“The State has finally realized their mistake and has corrected it. That means that we owe them $1 million this year and we will lose another $300,000 next year. The statute of limitations for adjusting this mistake is three years, so we are only going to have to pay them $1 million and not more. We have to pay it all by the end of this fiscal year however, so we must make up for that loss as well as the other revenue losses we have already contemplated,” Jinks said.
Hartmann will return to Council with a proposal on those cuts as soon as possible.
Council Contemplates Property Tax Increases, Deeper Budget Cuts
“In looking at guidance for the City Manager in preparing next year’s budget, we realize that we can neither tax nor reduce our way out of this problem,” said Councilman Justin Wilson. “We have worked very closely with every member of Council to put together this document to give staff appropriate guidance in preparing next year’s budget. None of this is easy. I could not have dreamed that I would be looking at such cuts when I ran for office. I couldn’t have even contemplated these economic hard times in my worst nightmare. Nonetheless, that is where we are, and we must take steps to ensure the longterm health of the city.”
The proposal, which Council will adopt at next week’s legislative session, with or without changes, calls for spending reductions in the City’s operating budget of 3.5% or around $20 million. This includes a reduction in the transfer to the public school system of 2%. “The fact that this is not a surprise to the superintendent or to the School Board speaks to the unprecedented level of cooperation between the Board and Council and the school and city staff, and we appreciate that very much,” Wilson said.
To accomplish those cuts and still retain essential services, Council is contemplating a property tax rate increase of five cents. “This assumes that property values do not decline any further,” Wilson said. Under the proposed increase, the average property owner’s tax bill will be the same as it was in 2008.
When Hartmann brings forward his proposed budget in February, Council has asked that he maintain the $10.5 million cuts already in place for this year, propose an additional $20 million or so in cuts for next year, and be prepared to put $2 million of those proposed additional cuts in place by the end of this fiscal year. “Clearly, we need to find $1 million in additional cuts, so this would mean just an additional $1 million to bring to us in February, that could be made this year,” Wilson said.
Capital projects would essentially be stopped, if the proposed guidance is adopted next week; that is, with the exception of spending on the public safety center, on maintaining infrastructure, on contracts that are ongoing and on projects with allocated funds. One of the ways that Hartmann could fund other capital projects next year is to propose an additional one cent on the property tax rate that would be dedicated to funding those projects. “I really have a concern about dedicated funding streams like this, because once they are in place, they are hard to remove,” said Councilman Paul Smedberg.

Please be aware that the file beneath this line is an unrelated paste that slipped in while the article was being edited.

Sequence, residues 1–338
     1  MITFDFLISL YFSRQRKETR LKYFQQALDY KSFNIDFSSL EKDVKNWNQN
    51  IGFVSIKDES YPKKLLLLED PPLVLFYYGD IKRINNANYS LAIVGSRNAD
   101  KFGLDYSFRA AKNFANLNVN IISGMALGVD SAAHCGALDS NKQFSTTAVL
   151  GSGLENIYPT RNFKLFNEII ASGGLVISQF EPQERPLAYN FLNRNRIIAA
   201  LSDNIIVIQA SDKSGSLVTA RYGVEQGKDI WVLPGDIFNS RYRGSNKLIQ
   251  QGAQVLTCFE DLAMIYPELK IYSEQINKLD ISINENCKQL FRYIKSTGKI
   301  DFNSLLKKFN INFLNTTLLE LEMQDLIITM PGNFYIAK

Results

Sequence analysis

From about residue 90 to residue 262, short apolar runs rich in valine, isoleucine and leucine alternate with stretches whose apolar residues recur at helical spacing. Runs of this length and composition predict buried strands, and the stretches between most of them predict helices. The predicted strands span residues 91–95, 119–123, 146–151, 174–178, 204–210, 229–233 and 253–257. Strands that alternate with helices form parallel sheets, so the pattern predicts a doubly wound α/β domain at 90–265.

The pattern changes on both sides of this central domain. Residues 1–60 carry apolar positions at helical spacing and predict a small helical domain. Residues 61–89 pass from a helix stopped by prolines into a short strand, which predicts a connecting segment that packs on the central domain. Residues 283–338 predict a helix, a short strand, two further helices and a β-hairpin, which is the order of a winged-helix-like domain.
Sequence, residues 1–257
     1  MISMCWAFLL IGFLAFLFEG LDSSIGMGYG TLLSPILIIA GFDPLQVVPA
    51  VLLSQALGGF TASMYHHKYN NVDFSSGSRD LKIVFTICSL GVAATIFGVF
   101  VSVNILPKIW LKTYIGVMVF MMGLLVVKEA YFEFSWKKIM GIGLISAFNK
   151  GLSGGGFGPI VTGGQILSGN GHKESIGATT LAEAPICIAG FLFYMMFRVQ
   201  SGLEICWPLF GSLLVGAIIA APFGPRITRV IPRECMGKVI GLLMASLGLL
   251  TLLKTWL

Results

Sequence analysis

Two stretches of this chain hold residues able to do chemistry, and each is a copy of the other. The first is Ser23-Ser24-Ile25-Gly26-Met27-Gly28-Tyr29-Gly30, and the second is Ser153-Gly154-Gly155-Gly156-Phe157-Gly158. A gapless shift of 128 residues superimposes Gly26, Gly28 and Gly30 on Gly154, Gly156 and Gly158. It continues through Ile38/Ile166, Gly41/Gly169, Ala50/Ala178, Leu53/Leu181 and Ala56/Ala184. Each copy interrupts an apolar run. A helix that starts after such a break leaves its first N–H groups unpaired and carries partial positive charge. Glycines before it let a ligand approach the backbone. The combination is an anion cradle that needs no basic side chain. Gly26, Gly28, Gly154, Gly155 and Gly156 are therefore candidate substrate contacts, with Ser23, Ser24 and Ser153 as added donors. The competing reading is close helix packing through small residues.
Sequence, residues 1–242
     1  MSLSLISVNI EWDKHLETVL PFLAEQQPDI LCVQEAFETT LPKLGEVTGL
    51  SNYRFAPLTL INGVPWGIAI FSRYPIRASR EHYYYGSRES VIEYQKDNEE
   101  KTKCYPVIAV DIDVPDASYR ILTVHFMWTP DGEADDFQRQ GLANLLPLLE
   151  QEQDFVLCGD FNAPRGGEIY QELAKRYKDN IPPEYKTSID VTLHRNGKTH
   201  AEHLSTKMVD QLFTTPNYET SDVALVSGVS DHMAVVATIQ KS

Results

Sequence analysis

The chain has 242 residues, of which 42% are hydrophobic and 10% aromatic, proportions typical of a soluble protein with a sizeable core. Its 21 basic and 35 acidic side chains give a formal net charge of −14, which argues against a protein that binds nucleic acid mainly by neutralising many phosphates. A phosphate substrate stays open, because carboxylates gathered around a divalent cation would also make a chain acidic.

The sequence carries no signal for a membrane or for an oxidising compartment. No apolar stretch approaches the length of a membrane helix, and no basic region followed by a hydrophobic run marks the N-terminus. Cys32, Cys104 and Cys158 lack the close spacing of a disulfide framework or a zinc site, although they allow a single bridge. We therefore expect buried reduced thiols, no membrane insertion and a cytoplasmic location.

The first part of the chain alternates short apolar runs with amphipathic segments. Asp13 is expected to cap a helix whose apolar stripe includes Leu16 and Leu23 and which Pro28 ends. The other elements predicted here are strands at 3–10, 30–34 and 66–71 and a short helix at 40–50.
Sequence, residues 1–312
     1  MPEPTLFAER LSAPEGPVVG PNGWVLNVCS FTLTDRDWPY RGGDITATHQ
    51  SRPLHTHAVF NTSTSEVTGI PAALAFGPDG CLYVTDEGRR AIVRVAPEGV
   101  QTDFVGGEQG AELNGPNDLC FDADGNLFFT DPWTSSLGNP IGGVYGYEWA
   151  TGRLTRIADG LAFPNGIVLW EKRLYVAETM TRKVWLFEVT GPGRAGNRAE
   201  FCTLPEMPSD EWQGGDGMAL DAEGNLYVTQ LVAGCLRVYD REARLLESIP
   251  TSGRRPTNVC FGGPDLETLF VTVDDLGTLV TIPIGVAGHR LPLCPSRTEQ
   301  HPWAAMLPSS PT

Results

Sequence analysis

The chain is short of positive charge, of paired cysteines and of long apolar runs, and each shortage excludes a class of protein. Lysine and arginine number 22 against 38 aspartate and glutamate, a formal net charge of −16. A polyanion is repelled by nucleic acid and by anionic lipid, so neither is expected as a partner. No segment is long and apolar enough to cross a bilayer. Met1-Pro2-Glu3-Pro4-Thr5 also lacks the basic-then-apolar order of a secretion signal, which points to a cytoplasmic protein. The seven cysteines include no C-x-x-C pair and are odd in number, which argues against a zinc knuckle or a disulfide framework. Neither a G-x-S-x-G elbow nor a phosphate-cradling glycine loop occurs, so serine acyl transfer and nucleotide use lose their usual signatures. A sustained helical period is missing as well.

Wilson said “I agree with you, Councilman Smedberg, and that is not what we are contemplating here. We are rather looking for a way that the Manager could fund essential capital projects next year, so maybe we should change the word ‘dedicated’ to ‘allocated’. We see this as a one-time solution that the Manager could bring forward if he sees the need.” Council agreed to make that change before next week.
“We have never seen times like this, and we must do something,” said Councilman Rob Krupicka. “However, we felt it necessary to not only give the Manager guidance in preparing his budget but some guiding principles as well.”
In looking at budget cuts, Council will instruct the manager to ensure public safety and the social welfare and health safety net, fund education to the level needed to continue progress for students in the school system, to maintain funding so that economic sustainability continues, to ensure that property values are not harmed and to protect the City’s triple-A bond rating, among others. Also, Council wants Hartmann to protect the City’s work force and ensure that they are compensated in keeping with making the City competitive with other area jurisdictions.
“There will be a reduction in the City’s work force,” Hartmann said. “Also, I know of no area jurisdiction that is planning any type of market rate adjustment. Neither are we, but that is in keeping with everyone else in the region,” he said.
Council will vote on the budget guidance on Tuesday, Nov. 25. Hartmann will present his proposed FY 2010 budget to Council on Feb. 10, 2009, and Council will adopt next year’s budget and the proposed FY 2010-15 capital improvement program on April 27.